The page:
Ever wonder what makes your cat knead you incessantly or knock over anything in reach at 4 a.m.? Dive into the science behind some of your feline friend’s weirdest behavior, from why an empty box is irresistible to what makes catnip send them to the moon.
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“Vision has evolved to answer questions having to do with boundaries and contours.”
Scientists say this one weird trick will make a cat like you, or at least not be so repulsed by you.
Cats love to knock stuff over and push things off tables, which can lead to a lot of broken items. Are they mean-spirited goblins that hate your stuff? Sort of—but not exactly. Here’s the truth about this annoying behavior and how you can prevent it.
They do what they want, all the time—and can teach us a lot about how to live in the present, be content and learn from our experience.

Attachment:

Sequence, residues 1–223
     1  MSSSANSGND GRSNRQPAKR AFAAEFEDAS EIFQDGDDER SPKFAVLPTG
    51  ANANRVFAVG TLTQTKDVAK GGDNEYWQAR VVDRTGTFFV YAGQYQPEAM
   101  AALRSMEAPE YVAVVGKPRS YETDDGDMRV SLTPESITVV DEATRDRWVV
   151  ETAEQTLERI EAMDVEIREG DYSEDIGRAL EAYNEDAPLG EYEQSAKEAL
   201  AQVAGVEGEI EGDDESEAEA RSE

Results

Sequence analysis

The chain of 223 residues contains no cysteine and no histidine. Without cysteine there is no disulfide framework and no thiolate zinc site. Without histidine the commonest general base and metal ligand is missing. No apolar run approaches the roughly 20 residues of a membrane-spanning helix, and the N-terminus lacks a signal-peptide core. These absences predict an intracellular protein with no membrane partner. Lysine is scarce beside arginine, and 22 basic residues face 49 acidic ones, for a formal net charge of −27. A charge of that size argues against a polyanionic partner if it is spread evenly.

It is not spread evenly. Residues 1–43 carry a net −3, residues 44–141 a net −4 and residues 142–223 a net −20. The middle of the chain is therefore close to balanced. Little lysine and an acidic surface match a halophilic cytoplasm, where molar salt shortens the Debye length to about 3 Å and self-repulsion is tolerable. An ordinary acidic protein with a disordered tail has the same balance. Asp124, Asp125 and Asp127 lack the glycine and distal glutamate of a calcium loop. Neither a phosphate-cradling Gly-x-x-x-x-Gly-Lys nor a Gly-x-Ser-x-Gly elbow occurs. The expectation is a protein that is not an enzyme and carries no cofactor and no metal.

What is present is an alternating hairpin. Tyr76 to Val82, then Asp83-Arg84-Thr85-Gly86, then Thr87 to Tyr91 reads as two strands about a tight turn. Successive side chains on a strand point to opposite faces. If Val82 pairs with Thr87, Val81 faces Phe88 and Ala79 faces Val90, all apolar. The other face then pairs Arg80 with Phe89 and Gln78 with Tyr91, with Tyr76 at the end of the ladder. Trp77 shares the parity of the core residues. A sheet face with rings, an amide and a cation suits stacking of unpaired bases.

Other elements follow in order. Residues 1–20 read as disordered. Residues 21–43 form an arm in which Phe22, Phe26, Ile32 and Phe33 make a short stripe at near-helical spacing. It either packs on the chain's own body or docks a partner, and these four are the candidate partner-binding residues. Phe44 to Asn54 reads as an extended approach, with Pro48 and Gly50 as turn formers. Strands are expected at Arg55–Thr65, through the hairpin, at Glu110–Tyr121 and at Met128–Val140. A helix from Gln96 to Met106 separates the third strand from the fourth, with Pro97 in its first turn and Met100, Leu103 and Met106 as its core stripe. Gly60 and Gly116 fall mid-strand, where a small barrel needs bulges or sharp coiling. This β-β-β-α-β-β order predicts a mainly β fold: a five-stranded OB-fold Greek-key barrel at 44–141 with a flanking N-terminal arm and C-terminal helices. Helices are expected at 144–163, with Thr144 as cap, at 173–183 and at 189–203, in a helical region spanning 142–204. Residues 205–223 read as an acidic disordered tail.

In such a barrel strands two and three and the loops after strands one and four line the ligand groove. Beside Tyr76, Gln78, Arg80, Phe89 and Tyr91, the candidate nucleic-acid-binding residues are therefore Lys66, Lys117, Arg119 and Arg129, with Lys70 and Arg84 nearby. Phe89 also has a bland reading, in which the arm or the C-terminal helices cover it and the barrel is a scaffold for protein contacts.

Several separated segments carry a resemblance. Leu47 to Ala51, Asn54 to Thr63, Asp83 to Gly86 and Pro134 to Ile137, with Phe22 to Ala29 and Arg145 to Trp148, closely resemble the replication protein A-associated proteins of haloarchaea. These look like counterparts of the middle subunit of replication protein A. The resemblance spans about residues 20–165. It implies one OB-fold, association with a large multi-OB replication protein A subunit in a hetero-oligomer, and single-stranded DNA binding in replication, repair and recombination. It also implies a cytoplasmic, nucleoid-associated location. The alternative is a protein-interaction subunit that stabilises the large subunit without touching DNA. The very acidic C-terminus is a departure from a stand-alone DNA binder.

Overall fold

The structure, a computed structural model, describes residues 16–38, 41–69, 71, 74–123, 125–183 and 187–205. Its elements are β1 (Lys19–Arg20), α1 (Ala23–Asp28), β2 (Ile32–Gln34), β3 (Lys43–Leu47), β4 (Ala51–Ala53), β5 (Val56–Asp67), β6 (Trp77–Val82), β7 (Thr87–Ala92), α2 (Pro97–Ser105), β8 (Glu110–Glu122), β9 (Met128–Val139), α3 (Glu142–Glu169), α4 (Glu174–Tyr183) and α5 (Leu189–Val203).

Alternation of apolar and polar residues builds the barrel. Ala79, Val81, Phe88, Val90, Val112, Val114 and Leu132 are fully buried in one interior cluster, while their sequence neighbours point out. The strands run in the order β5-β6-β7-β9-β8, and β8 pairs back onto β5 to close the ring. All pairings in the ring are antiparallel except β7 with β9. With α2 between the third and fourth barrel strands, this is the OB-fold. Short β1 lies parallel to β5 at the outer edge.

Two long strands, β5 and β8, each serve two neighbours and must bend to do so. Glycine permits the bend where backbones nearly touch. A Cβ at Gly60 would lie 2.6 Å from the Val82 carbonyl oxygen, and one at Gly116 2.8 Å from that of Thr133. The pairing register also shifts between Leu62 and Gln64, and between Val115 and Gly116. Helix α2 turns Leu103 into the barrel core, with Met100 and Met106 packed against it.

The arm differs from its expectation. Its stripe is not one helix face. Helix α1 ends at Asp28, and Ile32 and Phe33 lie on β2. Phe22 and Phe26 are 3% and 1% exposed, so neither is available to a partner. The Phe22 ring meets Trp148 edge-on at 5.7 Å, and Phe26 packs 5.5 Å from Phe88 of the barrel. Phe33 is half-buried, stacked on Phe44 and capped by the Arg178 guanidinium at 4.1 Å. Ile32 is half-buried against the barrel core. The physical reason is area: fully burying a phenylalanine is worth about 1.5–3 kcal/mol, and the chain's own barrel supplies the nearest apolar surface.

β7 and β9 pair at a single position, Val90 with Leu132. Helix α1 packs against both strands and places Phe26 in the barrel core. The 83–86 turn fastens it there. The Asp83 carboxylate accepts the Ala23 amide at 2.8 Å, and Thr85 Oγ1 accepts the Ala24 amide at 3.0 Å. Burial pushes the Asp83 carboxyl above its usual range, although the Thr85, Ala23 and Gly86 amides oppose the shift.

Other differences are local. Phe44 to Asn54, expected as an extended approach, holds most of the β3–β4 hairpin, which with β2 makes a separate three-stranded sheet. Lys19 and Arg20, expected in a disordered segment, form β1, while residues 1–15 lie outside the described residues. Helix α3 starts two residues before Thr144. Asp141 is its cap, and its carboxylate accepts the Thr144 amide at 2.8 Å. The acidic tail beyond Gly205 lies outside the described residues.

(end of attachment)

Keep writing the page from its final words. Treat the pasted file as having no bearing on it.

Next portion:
Although cats are evolved for night-time activity, during domestication they have adapted to human lifestyles. There’s plenty you can do to try and get your cat to stop waking you in the wee hours.
Ars chats with physicist Greg Gbur about his book, Falling Felines and Fundamental Physics.
Scientists confirm that slow blinks are an effective way to connect with a cat.
It’s not what you think.
Does whispering “pspspsps” trigger some deep-seated evolutionary response in your cat? Here’s what feline experts think the noise means.
Domestic felines distinguish between their monikers and similar-sounding words, research shows.
The possibilities of pigmentation are endless.